Patient volume in the ED – Fear of contracting COVID-19
In the US, Emergency Department (ED) patient volumes have been 40-50% lower than normal over the last month at University of Maryland Medical Center. Decreased travel and recreation have greatly reduced the number of injuries. Moreover, fear of contracting Coronavirus at the ED or hospital is also impacting patients seeking care even when they are ill.
In Uganda, Emergency Care Practitioners (ECPs) working on the front lines of the COVID-19 response in Uganda are seeing a similar decrease in ED patient volume, but the patients coming to the ED are much sicker. Part of the Ugandan government’s COVID-19 response has been to restrict public transportation, especially by boda boda, motorcycle taxis that are prolific across Uganda, in an effort to decrease virus transmissions. Decreased traffic has reduced injuries from road traffic accidents seen in the ED, but there is concern seeing more patients presenting with injuries sustained in episodes of interpersonal violence, especially within the home. Similar to the US, our ECPs are worried about violence with families quarantining at home in a time of increased stress.
Furthermore, economic concerns stemming from the COVID-19 shutdown have increased poverty, further limiting patients’ resources for seeking healthcare. Charles: “Patients are not afraid to come to ED because of COVID-19, simply because we haven’t got any COVID-19 cases in western Uganda, but they are not coming simply because of the measures put in place by the government to stop the spread of the virus.”
Providing care during COVID-19 and effects on the quality of care
In the US, social distancing is an effort to “flatten the curve” and ensure that the healthcare system does not become overwhelmed. However, working in the ED in the US and following medical pieces in the popular literature, it is clear that COVID-19 is impacting care in many smaller ways like: provider concerns about contracting the virus through patient contacts; limited personal protective equipment leading to decreased face to face patient contacts; and delays related to COVID-19 testing and canceled non-essential appointments or surgeries.
In Uganda, the healthcare system is facing the same challenges compounded by baseline resource constraints. Charles Ndyamwijuka, GEC’s Operations Manager, expresses the concerns of those working on the front lines of the response Uganda, “with the department grappling with limited PPE and no testing, there is fear that ED staff is at risk of contracting COVID-19 since they are the face of the hospital.”
Benifer Niwagaba, an Emergency Care Practitioner based at Nyakibale Hospital said, “people are no longer working and businesses are closed. There is not enough money to care for their families and they can’t make it to hospital with no money. A few weeks back I treated a patient with a diabetic emergency who had spent two days in a low resource facility where they couldn’t diagnosis his condition due to lack of funds and transport.”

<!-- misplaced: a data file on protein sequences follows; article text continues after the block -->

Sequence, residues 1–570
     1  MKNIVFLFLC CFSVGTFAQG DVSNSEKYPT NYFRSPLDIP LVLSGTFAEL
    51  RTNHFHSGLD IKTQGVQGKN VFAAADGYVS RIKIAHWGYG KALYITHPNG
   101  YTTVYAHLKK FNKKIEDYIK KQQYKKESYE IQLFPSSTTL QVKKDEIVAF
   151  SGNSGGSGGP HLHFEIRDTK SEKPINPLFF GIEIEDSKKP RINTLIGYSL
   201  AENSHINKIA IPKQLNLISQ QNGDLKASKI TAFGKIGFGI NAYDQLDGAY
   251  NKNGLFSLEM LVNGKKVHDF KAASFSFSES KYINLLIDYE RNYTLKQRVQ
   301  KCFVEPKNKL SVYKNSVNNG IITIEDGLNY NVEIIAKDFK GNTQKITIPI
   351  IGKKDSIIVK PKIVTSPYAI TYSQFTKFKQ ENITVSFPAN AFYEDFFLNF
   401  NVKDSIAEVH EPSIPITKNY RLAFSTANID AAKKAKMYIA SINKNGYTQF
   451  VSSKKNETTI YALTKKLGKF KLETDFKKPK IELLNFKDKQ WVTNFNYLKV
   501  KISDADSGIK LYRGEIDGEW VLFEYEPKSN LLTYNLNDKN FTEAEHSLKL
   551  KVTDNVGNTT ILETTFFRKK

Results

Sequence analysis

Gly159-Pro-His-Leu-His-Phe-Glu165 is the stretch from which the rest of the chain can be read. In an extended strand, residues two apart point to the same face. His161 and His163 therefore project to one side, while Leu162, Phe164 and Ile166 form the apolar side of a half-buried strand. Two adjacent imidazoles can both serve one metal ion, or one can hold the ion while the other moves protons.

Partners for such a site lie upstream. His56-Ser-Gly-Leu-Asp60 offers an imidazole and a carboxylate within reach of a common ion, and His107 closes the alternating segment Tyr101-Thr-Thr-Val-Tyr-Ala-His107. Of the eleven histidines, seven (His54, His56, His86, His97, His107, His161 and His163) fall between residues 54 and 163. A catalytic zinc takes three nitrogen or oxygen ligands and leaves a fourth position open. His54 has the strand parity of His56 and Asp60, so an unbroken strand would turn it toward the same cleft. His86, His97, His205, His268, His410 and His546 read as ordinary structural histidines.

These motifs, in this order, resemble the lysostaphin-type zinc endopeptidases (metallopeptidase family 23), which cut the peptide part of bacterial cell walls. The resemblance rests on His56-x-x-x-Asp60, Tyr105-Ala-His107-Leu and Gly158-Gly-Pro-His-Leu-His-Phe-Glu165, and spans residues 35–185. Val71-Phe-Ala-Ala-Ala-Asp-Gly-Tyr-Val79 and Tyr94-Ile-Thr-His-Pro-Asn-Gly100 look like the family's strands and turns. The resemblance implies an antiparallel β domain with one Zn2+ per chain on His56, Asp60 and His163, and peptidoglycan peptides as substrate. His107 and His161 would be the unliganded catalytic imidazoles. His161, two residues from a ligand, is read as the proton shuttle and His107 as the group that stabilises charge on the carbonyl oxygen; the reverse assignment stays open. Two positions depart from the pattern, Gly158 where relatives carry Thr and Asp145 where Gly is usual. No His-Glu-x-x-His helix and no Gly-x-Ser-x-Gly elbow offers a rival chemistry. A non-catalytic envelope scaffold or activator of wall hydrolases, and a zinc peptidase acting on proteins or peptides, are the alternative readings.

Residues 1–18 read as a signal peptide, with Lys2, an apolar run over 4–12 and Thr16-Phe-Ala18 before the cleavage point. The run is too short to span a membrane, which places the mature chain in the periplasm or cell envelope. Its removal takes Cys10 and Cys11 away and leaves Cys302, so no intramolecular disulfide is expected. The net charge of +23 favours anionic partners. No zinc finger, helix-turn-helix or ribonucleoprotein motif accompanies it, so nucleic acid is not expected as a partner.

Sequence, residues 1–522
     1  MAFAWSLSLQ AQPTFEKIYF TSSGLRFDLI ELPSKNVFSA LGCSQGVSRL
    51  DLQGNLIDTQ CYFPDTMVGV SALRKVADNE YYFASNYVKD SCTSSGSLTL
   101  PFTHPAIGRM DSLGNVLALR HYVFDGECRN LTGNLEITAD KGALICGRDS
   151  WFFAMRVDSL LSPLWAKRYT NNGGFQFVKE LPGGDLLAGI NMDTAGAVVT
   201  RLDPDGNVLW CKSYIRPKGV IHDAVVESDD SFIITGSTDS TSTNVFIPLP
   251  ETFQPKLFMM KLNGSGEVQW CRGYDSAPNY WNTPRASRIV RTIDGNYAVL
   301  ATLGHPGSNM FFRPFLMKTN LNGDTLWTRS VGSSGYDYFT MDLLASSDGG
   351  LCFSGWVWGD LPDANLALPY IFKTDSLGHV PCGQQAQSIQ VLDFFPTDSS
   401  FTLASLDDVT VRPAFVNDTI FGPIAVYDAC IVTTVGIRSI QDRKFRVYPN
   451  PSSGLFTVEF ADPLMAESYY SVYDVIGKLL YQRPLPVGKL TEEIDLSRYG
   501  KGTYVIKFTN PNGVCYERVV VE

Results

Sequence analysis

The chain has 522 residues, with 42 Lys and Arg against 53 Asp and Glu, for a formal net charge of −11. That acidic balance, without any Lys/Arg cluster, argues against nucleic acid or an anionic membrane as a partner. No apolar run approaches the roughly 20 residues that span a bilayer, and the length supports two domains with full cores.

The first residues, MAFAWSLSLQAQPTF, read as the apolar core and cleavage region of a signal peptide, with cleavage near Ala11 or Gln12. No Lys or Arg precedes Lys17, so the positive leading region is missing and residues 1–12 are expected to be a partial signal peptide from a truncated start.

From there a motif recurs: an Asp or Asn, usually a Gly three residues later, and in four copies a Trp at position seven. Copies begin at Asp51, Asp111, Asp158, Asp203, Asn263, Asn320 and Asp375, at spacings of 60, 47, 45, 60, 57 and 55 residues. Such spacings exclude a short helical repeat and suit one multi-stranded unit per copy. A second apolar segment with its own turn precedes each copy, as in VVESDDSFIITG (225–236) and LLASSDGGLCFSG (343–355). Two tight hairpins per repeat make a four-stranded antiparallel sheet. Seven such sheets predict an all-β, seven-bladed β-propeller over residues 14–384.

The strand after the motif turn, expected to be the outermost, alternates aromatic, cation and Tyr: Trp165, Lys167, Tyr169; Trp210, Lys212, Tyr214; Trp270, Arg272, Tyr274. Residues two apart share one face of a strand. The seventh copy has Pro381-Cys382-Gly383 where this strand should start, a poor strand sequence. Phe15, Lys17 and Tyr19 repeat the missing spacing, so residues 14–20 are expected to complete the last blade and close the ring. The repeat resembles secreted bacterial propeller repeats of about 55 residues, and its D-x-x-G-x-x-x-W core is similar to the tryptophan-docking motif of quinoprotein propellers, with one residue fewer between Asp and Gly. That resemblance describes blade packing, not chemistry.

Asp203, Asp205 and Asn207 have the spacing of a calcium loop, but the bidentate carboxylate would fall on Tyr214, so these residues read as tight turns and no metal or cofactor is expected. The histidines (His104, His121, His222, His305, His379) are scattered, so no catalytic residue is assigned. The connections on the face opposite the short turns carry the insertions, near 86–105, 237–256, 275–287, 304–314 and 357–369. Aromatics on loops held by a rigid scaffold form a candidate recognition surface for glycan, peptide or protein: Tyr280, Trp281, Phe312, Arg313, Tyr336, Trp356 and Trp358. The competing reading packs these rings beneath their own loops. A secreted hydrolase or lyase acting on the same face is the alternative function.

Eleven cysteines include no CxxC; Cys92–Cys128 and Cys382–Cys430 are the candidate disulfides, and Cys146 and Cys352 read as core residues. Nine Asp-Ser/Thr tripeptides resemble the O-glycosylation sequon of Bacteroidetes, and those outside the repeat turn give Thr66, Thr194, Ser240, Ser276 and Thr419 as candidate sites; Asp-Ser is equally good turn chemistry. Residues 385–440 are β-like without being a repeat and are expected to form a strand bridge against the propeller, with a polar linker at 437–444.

Charles adds, “now, many patients that come to the ED are very sick which is challenging for the ED staff. Patients are going to the nearest clinic, or self-medicating, because of both limited transport and limited financial resources to come to ED. In the era of COVID-19, patients exhaust all the other options and the ED becomes the last resort.”
In the US, limited testing, as well as concerns about test accuracy, has been a challenge in addressing the pandemic. In rural Uganda, our teams are providing care with virtually no access to testing, leading to concerns that they will not be able to identify patients with COVID-19 to provide high quality care, but also to keep themselves and other patients safe from the disease. The government is providing testing; however, it is offered at a site near the capital (Entebbe) hours from where GEC works. Confirmed cases are being cared for by the government referral hospitals so the ECPs are working hard to identify cases through symptoms. Still without testing the fear of missing cases is significant since the symptoms of COVID-19 are vague and can mimic many other diseases.
Protecting our families
Front line healthcare workers everywhere are concerned about bringing COVID-19 home to their families and are taking every precaution to reduce the risk to their loved ones. Our colleagues in Uganda are no different in their concerns: “I am staying somewhere else away from family, but even though I stay away from my family I know that everyone is a potential victim” (Charles). For those who are still living with their families the situation can be more difficult since they dispose of masks and wash their hands at the hospital, but go home in uniform. Changes of clothes and opportunities to do laundry are also more limited.
Overall, the COVID-19 pandemic is showing similarities around the globe. From health systems with many resources to those that are under-resourced, the commonalities bring us all closer together. Uganda has done an excellent job in its surveillance, contact tracing, and isolation leading to relatively few number of cases to date. Whereas, the US response has shown a clear lack of coordination, planning, and a fragmented execution. Unfortunately, front line health workers everywhere are putting their lives and sometimes their families’ lives on the line, to fight this global pandemic. We salute to courage and bravery of all front line health workers risking their lives to protect all of us.